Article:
It might come as a surprise to many people used to media stories over the inappropriate use of A&E, but the Nuffield Trust’s analysis shows that the problems in winter are not caused by more people turning up at A&E, in fact, fewer attend in cold weather. However of those that do attend A&E admission rates are relatively high and there is an increase in people with breathing problems who need to spend longer in hospital.

The underlying cause of the crisis is that bed occupancy is much too high, often around 92%, so there is no flexibility in the system and it collapses quickly as more patients are admitted.  The ideal rate for bed occupancy is 85% as this allows flexibility in the system so a spike in admissions is no problem.

Most notable in the analysis is that a small number (just under 4%) of patients are not discharged from hospital when they should be and this has a major knock-on effect through the hospital.

The report concludes the following:

  • Winter crises in A&E are caused by blockages in moving patients through hospital beds and sending them home – not by more people turning up.


  • These blockages happen because NHS wards are fuller than they should be. The Health Service is 14,000 beds short of a level that would provide reliable capacity.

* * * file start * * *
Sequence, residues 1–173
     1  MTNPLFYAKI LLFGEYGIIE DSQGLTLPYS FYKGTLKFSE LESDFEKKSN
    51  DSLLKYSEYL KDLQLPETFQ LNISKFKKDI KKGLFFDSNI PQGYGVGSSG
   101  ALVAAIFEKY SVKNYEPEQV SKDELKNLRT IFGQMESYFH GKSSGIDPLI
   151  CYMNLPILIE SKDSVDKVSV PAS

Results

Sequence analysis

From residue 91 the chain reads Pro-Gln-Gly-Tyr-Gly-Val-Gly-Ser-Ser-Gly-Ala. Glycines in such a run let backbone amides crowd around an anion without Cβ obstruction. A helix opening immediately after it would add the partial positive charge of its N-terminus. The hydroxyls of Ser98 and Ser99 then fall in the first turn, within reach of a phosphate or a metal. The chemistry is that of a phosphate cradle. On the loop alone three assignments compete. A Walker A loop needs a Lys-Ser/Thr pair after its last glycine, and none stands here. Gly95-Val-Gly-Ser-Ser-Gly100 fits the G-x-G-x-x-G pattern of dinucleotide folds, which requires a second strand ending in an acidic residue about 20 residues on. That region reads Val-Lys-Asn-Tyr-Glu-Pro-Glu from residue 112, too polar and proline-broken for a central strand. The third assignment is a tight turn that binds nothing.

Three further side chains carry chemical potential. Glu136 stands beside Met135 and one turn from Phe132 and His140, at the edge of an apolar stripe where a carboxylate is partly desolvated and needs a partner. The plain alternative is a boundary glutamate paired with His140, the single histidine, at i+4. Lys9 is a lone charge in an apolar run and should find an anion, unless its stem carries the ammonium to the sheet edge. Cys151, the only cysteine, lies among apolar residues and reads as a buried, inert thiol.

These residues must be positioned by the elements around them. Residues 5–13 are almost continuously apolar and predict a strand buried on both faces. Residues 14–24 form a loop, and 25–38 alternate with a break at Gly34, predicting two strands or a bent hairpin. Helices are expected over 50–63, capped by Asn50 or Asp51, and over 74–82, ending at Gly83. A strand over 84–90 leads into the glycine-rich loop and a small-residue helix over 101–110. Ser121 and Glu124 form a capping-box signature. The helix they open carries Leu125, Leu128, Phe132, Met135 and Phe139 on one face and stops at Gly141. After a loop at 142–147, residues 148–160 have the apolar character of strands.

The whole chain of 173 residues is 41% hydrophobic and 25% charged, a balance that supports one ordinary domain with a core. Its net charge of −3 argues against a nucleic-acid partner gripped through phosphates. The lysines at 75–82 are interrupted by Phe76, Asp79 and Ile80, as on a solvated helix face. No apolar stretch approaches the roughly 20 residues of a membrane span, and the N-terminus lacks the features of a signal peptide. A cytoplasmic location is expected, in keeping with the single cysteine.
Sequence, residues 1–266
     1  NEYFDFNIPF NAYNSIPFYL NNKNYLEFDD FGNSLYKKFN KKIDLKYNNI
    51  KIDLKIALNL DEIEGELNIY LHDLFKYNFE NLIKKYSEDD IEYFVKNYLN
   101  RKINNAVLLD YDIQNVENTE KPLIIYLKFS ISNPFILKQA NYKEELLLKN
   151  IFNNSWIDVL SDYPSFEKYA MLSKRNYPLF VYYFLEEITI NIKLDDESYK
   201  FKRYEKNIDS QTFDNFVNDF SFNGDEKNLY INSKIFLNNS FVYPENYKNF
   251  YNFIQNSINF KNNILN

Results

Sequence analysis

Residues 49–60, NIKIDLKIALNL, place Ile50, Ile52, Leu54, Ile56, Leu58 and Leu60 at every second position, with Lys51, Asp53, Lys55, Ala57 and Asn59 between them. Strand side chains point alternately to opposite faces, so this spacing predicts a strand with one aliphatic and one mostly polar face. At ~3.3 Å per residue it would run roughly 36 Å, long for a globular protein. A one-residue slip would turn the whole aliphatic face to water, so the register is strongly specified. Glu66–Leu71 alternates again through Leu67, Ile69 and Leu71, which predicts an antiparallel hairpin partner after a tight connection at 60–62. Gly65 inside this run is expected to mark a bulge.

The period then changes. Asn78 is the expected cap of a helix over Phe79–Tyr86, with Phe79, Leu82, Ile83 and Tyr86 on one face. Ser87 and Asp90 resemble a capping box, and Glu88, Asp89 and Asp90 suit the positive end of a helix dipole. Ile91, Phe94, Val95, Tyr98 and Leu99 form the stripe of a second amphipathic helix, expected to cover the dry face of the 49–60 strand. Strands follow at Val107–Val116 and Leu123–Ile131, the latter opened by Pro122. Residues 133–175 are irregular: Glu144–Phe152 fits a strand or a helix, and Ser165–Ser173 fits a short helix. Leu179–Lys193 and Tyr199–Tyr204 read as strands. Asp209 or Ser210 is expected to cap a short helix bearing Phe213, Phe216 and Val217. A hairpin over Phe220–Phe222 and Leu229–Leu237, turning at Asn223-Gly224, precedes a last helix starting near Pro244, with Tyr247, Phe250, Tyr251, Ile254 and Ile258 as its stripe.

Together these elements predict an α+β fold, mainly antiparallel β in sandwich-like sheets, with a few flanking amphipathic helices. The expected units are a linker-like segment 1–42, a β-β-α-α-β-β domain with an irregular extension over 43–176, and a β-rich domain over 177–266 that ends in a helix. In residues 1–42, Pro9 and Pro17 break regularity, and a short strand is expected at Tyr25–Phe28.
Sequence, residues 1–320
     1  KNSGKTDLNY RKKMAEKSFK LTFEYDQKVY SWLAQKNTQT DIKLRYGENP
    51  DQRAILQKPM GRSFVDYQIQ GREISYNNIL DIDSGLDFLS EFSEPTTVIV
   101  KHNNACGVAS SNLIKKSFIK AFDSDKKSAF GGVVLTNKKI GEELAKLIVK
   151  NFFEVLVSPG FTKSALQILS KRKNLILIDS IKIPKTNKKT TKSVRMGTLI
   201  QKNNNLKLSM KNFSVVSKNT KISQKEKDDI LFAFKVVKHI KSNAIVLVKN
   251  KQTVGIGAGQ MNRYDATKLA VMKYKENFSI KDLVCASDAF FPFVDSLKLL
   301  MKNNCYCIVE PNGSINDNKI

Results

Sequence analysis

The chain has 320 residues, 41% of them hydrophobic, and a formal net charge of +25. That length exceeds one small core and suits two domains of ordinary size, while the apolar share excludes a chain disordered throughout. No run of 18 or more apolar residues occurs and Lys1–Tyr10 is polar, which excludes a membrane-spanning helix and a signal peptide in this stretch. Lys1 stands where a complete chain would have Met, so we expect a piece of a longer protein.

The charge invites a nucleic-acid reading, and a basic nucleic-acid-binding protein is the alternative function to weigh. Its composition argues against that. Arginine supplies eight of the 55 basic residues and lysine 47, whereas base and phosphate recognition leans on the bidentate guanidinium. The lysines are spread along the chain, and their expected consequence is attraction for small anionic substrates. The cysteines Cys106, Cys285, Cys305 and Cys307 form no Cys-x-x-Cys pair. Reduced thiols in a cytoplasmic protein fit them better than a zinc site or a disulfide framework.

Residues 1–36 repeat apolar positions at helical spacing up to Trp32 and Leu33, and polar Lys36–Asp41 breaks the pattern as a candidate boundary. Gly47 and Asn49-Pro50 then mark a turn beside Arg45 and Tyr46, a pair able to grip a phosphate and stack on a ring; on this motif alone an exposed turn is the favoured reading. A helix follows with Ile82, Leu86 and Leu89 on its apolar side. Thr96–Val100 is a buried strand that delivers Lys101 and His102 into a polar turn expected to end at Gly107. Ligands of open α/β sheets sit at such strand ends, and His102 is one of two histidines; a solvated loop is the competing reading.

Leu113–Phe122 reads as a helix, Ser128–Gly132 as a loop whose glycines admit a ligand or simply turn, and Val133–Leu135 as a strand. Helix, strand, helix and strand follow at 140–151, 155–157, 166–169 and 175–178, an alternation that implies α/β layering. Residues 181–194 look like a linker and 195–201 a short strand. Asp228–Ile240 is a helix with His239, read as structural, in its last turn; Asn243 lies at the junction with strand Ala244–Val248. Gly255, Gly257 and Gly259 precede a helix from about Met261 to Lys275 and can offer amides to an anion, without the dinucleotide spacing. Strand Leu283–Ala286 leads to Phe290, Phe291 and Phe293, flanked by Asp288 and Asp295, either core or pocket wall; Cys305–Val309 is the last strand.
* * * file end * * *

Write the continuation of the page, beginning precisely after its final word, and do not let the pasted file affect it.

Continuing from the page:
• 41% of extra winter funding last year was spent on simply adding additional beds and staff. But there is nowhere near enough funding to actually close the gap in number of beds.


  • Instead, money and focus should be used more strategically. 3.6% of patients account for 37% of time in NHS beds. Finding ways to safely treat these people outside hospital should be a major priority.


The Nuffield Trust analysed how the £700 million provided in winter 2014/2015 was spent - £254 million (41%) was spent on extra beds and staff; £74 million (12%) of money spent on minimising delayed discharges; and seven day working absorbed £61 million.

The report noted that spending money at trying to increase capacity is just not feasible as nowhere near the number of beds actually needed (14,000) can be created to avert the crisis this year due to both time and lack of funds. Instead the report concludes that the target for spending should be the set of patients who really do not need to be in hospital.

These patients would be better cared for either in their own homes, special housing or nursing homes, where they generally do better if supported by community services. The Nuffield Trust concludes that “reducing length of stay among this group could make a disproportionate impact in controlling how full wards get. Looking carefully at how they are treated could also help to avoid the hold-ups in moving people around that tend to form the triggers for blockages and crises.”


Good social care the key

So according to the Nuffield Trust's report, adequate and good social care is the key to avoiding a winter crisis in the NHS as it allows patients to be discharged thus freeing up beds.  Taking this one step further, it is also true that good social care is the key to controlling the number of vulnerable patients that turn up at A&E and need to be hospitalised.